As part of Solar Power World’s efforts to respond to its readers’ informational needs, the magazine did a five-part series in its October issue on solar industry reliability. Read Part I, Part II and Part III.
By Kathie Zipp, Managing Editor
The solar industry has grown dramatically over the past three years. In fact, more new solar capacity is added to the grid each year than the capacity added from conventional power sources. This is cause for celebration, but also caution. If these solar installations aren’t reliable, it can stunt the industry’s progress.
“Reliability is a key topic in the solar industry, particularly as we see low-cost products entering the market,” says Henry Dziuba, president and general manager at SMA America. “It affects everyone involved with a project, including owners, integrators and utilities. While each consumer has different reasons for why reliability matters, all are counting on solar installations to be assets rather than a liabilities.”
Out of all system components, Dziuba says inverter selection and application is the greatest determining factor of financial returns.
“A solar array is only as good as its inverter,” he says. “It’s the heart and brains of a PV system because it is responsible for transforming the module-generated electricity into usable AC power. Inverter selection directly affects major levelized cost of energy (LCOE) drivers such as energy production, system cost and operation-and-maintenance costs.”
In the solar industry’s early years, it wasn’t uncommon to have a system with models rated for 30 years, while its inverters were only rated for 5 to 10. But Phil Vyhanek, president of Solectria Renewables, says inverters have come a long way, and most manufacturers offer warranties that cover 10 years or more.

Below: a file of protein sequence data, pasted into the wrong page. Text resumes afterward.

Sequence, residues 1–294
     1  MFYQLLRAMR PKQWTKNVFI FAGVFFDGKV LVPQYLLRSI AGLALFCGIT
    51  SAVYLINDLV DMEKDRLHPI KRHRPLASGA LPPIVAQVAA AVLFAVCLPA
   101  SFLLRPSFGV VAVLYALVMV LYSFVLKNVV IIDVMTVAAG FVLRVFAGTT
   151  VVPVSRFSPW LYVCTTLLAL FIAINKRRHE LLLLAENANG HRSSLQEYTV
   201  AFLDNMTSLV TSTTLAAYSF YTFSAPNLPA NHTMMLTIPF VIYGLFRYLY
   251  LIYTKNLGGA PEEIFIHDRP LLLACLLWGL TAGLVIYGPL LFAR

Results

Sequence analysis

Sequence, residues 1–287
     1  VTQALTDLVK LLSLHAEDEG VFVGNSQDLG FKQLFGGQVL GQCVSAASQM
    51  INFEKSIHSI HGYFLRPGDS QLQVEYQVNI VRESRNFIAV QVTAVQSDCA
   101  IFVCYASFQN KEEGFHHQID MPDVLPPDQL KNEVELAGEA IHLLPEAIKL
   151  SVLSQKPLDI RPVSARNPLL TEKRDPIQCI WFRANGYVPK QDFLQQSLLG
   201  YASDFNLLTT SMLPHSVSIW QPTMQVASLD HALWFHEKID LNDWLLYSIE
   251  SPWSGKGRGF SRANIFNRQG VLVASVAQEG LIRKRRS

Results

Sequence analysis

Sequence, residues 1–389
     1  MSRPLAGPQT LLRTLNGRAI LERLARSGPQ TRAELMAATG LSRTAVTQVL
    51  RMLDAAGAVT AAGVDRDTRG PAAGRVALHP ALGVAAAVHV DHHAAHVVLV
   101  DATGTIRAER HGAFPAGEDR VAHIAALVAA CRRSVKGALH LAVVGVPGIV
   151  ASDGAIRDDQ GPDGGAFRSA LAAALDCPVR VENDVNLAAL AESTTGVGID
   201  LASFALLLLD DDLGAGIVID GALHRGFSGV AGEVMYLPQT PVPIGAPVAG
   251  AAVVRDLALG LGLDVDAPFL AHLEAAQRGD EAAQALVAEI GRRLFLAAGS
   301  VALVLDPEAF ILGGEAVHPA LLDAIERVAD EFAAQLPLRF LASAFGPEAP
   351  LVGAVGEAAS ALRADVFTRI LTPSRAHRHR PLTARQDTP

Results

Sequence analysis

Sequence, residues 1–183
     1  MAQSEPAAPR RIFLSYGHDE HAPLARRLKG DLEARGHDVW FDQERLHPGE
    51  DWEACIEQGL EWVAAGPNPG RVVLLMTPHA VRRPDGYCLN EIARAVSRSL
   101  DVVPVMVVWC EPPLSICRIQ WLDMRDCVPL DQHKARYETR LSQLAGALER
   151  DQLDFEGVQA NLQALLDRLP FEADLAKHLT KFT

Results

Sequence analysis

“I think of a PV system like a car,” Vyhanek says. “The system is designed for 20 or more years, a car for 100,000 or more miles. Both, however, require preventative maintenance and sometimes repair. The components that are the most stressed require the most attention: brakes in cars and inverters in PV systems.”
Every solar manufacturing company has some reliability issues, Vyhanek adds. He says what really matters is a record of high reliability in the field, and a process for continuous improvement and effective handling of new issues as they appear.
An effective process for handling issues is especially important, say Mark Cerasuolo and Matt James of OutBack Power, because solar does not have a large servicing organization behind it. It’s the power-generating solution that is most in the hands of local owners and operators — including individual businesses and homeowners — so reliability is paramount. Equally important is that engineering inverters for easier field servicing when something does go wrong.
Vyhanek adds that inverter reliability is one of the key criteria that installers, developers and owners consider when selecting equipment because it affects relationships with customers. “The trend is toward more information sharing between manufacturer and customer to validate performance and help with ongoing improvements to inverter quality and reliability,” he says.
Inverter reliability has increased in the last few years, says Bharath Srinivasan, senior vice president of operations at Distributed Sun, which builds and operates solar installations. While long-term warranties for inverters have not yet become a standard, he says accounting for an inverter replacement around year 12 to 15 has satisfied investors. In general, inverter downtime accounts to about 2 to 3 days in each year (about 1% annually) because of problems with inverter electronics or PV-array related problems.
The real challenge lies, Srinivasan adds, in non-standard inverter architecture and design across a manufacturing pool. This means installers and operations-and-maintenance providers must educate themselves on several different software and hardware platforms. In this case, reliability as a concept applies to standard architecture to avoid any field issues during installation. “Reliability can’t be an abstract concept that individual manufacturers live up to, but must be a standard that traverses the entire value chain with clear understanding of the all issues in play,” he says.
Raghu Belur, vice president of products and strategic initiatives at Enphase Energy, says that more reliable products would be better for the industry as a whole.
“It’s critical because, as an industry, if we want achieve our dreams of displacing traditional forms of energy, we will have to provide cheaper, better and more reliable energy to customers,” he says. “If we want to win, we have to meet and ultimately exceed that standard.”